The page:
of interest, and also permits releasing the device when no
          request is outstanding.

          The field Usbfs.aux is for the device to use.  The rest of
          the fields implement the 9P protocol for the device.  Not
          all the operations need be implemented.  Only walk, open,
          read, write, and stat, must be implemented (and their corre-
          sponding fields in Usbfs may never be nil).  These functions
          must return -1 upon failure and set the error string to
          reflect the cause of a failure.

          In all the functions, a 9P fid is represented by a Fid

     USBFS(2)                                                 USBFS(2)

          structure.  It contains the 9P fid, the corresponding qid,
          and an auxiliary pointer for the driver to use.  Open fids
          have a valid open mode in omode while others have ONONE to
          indicate that the fid is not open.  The library takes care
          of which fids exist and which ones do not.

          Walk must walk f to name (a single name, not a file path) in
          the supplied fs. Its implementation should update the qid in
          f to reflect the walk.  This function must bitwise OR any
          returned Qid with Usbfs.qid , if usbdirfs is used.

          Clone must clone fid of onto nf so that, upon successful
          completion, nf also refers to the file that f refers to.  An
          implementation must update the Qid of the cloned fid.  If
          this function is not supplied, the library copies the aux
          field to the cloned fid.

          Clunk clunks f. It usually releases data kept in the aux
          field, but may be set to nil otherwise.

          Open prepares the fid f for I/O according to mode. The open
          mode in the fid is updated by the library upon return.  The
          library checks trivial cases like opening already-open fids.
          The implementation performs most permission checking.

          Read reads up to count bytes into data starting at offset in
          the file referenced by f. Write is the counterpart.  To read
          from directories, the function usbdirread may be called.  It
          returns the return value of read or -1.  usbdirread calls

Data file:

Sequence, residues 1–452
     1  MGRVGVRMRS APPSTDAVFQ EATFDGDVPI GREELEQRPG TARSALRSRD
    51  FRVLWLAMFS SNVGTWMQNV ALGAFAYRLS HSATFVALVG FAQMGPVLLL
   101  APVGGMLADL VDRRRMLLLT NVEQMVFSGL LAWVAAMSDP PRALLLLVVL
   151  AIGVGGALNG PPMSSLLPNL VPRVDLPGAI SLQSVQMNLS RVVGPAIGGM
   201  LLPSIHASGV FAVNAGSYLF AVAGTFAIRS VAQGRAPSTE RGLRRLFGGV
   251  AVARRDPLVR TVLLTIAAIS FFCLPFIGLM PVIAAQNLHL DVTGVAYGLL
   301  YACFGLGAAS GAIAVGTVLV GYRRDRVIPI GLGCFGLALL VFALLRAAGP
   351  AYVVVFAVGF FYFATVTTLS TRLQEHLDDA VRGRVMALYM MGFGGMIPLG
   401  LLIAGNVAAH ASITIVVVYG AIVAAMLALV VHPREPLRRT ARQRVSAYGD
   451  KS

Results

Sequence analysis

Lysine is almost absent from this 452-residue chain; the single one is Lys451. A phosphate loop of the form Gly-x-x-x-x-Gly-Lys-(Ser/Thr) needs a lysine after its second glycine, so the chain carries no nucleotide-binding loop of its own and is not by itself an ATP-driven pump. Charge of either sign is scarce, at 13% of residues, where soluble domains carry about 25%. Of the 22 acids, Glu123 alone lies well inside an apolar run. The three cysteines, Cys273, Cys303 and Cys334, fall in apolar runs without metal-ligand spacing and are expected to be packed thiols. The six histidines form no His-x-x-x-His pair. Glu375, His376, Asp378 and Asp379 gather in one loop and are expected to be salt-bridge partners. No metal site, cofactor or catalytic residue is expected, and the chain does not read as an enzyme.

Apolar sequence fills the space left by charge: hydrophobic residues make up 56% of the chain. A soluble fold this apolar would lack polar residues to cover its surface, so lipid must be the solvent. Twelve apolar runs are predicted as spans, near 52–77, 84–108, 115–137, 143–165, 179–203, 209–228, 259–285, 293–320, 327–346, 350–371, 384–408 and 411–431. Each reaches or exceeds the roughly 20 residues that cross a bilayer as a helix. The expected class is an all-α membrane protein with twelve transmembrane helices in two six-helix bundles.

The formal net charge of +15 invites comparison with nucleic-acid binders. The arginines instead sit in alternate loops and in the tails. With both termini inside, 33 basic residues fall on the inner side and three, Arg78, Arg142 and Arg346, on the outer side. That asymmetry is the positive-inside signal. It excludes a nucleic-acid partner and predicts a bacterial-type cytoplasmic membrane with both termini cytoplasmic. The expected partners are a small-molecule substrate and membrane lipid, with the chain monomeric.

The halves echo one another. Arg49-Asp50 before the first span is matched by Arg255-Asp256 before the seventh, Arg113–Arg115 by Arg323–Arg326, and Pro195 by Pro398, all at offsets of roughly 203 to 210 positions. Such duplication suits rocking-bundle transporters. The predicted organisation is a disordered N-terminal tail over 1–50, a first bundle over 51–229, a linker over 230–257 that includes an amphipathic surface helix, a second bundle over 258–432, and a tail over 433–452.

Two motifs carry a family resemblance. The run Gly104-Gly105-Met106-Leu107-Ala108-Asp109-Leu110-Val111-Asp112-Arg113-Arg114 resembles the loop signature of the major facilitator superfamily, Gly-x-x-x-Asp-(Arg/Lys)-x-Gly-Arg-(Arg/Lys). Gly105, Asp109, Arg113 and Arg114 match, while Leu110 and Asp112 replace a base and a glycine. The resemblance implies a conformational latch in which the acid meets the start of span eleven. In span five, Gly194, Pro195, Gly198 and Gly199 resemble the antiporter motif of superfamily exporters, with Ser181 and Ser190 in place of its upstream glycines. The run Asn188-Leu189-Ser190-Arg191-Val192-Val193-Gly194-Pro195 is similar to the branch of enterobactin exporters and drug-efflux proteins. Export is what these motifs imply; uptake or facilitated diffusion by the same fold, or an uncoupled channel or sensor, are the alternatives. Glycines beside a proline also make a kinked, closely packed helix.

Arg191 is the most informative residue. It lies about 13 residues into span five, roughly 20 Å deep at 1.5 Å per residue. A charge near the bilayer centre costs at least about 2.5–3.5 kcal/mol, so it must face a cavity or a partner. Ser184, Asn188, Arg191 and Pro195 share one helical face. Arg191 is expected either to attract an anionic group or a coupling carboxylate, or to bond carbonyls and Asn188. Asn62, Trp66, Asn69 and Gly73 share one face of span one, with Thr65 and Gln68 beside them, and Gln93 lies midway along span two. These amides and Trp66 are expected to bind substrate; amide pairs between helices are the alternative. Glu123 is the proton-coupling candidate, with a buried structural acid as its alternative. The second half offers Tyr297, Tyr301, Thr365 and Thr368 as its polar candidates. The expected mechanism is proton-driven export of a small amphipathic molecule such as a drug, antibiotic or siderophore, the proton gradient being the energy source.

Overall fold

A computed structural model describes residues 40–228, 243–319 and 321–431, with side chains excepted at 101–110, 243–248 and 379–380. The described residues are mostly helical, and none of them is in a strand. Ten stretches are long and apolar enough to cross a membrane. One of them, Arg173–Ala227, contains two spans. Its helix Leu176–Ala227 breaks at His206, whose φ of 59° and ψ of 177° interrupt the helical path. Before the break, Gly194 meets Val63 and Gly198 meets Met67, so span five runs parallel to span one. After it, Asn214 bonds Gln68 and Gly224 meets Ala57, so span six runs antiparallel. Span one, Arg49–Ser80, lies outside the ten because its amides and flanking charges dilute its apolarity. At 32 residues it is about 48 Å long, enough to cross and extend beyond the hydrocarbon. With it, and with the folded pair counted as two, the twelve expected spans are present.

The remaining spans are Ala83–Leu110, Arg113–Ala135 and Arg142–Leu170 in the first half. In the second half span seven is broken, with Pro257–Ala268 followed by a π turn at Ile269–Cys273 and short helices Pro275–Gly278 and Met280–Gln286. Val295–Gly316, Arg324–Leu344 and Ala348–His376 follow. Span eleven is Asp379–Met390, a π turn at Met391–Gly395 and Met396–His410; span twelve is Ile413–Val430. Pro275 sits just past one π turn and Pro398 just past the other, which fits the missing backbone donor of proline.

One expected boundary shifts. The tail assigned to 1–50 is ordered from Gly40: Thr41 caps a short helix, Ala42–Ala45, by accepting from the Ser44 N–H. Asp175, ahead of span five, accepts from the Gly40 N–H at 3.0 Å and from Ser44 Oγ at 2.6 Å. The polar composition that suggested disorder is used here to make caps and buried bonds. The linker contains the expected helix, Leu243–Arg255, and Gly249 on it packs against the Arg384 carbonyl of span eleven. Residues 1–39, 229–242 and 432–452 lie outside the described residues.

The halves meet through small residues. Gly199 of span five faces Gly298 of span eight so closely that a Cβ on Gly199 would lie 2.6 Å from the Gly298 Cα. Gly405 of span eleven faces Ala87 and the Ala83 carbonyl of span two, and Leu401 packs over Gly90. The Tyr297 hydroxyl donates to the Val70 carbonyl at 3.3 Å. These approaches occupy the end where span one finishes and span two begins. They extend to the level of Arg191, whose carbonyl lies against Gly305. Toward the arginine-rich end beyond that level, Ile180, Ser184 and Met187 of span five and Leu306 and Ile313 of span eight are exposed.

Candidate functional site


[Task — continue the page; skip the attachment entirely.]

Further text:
gen to iterate through files as needed.  The Dirgen function
          will be called with index values of 0 and up to ask for the
          first file and following files.  To read from data already
          in buffers, the function usbreadbuf may help.  It must be
          given the arguments supplied by the user, plus the buffer
          and buffer size.

          Stat must fill d with the directory entry for the file iden-
          tified by q. As an aid, d is initialized to fake access and
          modification times, and user and group ids.  Also, the field
          name in d is initialized to point to a 40-byte buffer.  If
          the file name fits, it may be copied directly into d->name
          without allocating memory for that purpose.  Otherwise
          d->name must be initialized to point to static memory.

          The function end is called upon termination of the file tree
          to release resources.

          Calling usbfsinit starts a file server for f that mounts
          itself at mnt and posts srv at srv(3). In most cases, the
          file system supplied is usbdirfs. The flag is used for
          mount(2). Once usbdirfs is started, calls to usbfsadd add a
          file tree implemented by dfs to the root directory of

     USBFS(2)                                                 USBFS(2)

          usbdirfs and calls to usbfsdel remove that binding (and
          release resources including the reference to the USB

          Various error strings are declared as an aid.  The global
          usbfsdebug may be set to trigger diagnostics and protocol

          See /sys/src/cmd/usb/disk for an example driver that uses
          this library.  Looking at an example is strongly suggested
          to see how reference counts for the USB device and the file
          system are handled.


          usb(2), usb(3), usb(4), usbd(4).

          Not heavily exercised yet.